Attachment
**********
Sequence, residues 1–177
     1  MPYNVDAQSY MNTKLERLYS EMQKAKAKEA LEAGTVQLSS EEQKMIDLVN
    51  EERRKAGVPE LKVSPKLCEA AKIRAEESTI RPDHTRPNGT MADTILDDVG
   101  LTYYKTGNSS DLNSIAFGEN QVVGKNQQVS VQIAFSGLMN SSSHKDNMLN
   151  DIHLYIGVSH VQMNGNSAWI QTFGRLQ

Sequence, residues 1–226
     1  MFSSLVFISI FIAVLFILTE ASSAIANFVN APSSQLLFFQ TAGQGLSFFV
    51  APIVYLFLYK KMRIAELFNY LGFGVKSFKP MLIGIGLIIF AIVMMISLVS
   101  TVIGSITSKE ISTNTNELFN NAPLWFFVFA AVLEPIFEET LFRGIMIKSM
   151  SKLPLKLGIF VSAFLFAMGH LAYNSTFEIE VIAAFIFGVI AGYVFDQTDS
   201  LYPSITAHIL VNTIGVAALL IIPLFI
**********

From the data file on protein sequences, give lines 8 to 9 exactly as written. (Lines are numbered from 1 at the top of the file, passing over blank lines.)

    51  APIVYLFLYK KMRIAELFNY LGFGVKSFKP MLIGIGLIIF AIVMMISLVS
   101  TVIGSITSKE ISTNTNELFN NAPLWFFVFA AVLEPIFEET LFRGIMIKSM